On the Road Near Kaziranga - India Update
Once the strike near Kaziranga was over we began our slow trip to Manas National Park. In good conditions the drive from Kaziranga to Guwahati would take about seven hours but after the flood we were forced to split it into two days.
Our first day was spent driving to the city of Guwahati. The drive was long but had its high points including our driver's obligatory stop at the Goddess of Power's Residence to pick up incense, flowers, and small seeds or beans so that we could pay our respect and maybe receive some added power. The incense was lit and put in the holiest of places: the stereo face-plate. We arrived in Guwahati perhaps feeling a little more powerful or, if nothing else, smelling a bit like incense.
The next leg of the trip was long and hard. We had barely made it out of Guwahati when I felt that the inside of the car was getting progressively warmer. It was becoming so hot that at one point I was sure the heat was on. Shortly after asking the crew whether the A/C was on and working we discovered the vehicle was having electrical problems. With the electricity dying the fancy power windows were failing us and as I was sitting on the sunny side of the car the environment was quickly becoming like a personal green house in the middle of the Indian heat. Mike, my partner in crime on this response, noted that I had entered survival mode- barely talking or moving. Fortunately we were less than 5 minutes to a village and were able to jump ship (thank god the power doors were unlocked) and seek shade and cold drinks while the poor driver was forced to determine what was wrong, buy a new part, and receive a jump from a battery carried in the back of a bicycle carriage. An hour or so later, we were back on the road.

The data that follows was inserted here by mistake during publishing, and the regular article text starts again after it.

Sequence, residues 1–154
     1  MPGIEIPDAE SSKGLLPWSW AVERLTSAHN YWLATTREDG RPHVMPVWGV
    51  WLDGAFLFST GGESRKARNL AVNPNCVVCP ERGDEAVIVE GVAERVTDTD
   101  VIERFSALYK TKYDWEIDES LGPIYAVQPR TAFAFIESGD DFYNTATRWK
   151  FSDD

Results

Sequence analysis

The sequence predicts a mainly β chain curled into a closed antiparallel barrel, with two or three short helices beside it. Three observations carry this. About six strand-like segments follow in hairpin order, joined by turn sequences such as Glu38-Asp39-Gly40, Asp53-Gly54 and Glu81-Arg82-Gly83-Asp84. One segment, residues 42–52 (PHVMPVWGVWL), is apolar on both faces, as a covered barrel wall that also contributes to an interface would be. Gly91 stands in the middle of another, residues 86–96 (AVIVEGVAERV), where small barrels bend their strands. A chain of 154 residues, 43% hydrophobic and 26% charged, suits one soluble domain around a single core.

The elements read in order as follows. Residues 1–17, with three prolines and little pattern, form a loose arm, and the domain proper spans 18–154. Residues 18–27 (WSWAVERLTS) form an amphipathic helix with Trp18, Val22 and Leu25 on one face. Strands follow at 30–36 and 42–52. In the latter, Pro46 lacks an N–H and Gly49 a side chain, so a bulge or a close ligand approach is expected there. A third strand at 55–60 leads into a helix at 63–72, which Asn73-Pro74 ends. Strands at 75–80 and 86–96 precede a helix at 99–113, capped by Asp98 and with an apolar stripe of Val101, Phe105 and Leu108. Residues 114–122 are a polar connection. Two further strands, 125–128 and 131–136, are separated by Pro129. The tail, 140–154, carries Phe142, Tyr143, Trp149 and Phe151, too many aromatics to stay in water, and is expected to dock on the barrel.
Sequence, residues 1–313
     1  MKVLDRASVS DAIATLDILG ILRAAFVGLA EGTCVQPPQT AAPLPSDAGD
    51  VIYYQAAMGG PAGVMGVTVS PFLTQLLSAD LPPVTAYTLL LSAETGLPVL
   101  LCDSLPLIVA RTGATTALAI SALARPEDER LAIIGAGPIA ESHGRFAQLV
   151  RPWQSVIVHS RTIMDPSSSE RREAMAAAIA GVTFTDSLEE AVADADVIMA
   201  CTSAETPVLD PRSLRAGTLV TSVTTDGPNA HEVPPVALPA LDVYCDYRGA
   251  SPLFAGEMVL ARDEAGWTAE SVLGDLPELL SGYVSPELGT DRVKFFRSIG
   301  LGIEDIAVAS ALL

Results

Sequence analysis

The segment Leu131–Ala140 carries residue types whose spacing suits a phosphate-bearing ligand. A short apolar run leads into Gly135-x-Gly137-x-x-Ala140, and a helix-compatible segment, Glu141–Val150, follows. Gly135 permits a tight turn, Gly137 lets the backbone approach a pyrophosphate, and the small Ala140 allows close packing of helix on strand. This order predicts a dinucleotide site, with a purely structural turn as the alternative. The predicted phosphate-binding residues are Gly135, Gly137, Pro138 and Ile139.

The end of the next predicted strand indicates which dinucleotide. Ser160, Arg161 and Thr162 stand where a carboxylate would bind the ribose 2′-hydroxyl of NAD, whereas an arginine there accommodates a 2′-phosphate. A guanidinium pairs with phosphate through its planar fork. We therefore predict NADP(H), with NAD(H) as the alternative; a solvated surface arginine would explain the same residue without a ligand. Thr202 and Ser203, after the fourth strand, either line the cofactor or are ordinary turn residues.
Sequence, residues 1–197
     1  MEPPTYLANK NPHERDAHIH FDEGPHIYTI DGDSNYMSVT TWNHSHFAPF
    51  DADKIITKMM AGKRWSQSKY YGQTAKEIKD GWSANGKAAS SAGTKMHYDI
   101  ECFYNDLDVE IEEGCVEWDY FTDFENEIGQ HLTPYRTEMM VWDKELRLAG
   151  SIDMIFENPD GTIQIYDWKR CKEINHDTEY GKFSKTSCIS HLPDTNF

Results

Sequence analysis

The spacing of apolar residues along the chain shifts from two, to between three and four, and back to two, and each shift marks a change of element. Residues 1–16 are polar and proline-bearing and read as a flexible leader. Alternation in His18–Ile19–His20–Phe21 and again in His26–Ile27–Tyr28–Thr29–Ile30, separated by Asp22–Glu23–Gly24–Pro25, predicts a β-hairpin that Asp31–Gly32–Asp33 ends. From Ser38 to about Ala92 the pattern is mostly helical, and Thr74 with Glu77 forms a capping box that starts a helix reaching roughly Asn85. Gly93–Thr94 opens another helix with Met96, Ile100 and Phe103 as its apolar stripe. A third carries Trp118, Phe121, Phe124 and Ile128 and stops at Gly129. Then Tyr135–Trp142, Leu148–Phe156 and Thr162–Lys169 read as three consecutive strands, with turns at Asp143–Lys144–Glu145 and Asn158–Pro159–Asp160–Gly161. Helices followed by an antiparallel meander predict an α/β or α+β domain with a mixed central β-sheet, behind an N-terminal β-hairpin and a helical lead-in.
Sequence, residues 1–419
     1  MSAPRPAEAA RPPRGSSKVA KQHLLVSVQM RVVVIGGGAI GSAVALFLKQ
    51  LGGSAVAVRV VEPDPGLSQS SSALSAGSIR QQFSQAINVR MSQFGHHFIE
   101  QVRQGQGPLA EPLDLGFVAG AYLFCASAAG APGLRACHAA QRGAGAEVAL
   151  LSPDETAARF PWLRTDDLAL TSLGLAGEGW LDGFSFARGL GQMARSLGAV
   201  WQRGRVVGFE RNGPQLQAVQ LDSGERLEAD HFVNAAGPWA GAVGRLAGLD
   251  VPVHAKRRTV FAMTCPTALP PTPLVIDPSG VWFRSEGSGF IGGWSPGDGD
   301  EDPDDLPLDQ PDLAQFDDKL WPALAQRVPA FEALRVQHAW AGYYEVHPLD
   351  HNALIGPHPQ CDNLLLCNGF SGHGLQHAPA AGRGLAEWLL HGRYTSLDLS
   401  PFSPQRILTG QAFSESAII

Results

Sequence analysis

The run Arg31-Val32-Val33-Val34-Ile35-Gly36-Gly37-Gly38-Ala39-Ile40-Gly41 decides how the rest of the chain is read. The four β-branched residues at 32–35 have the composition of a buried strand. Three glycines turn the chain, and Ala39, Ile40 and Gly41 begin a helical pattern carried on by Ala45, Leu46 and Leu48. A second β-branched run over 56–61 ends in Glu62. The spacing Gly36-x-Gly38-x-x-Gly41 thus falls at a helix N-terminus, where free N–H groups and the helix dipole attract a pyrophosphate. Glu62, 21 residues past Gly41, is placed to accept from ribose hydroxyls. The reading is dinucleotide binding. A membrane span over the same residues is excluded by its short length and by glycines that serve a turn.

The roads got progressively worse as we approached Manas but it turned out that the strike in Kaziranga may have served as a blessing in disguise for us. Although arriving today instead of yesterday meant that we missed the first morning of the vaccination camp, it also means that we missed the surprise of the main highway being underwater and closed which would have left us stranded. With that section of the road open we were able to pick our way along through monstrous potholes as a park ranger showed us the back way through small villages bordering the park.
It is difficult to spend two more days traveling after the two it took us to initially get to this part of India all the while knowing that there are animals in need. This is a common frustration after a disaster, knowing there are individuals in need but not being able to get to them. But the distance is tolerable given the 5,000 cattle awaiting vaccination and medical treatment at the journey's end.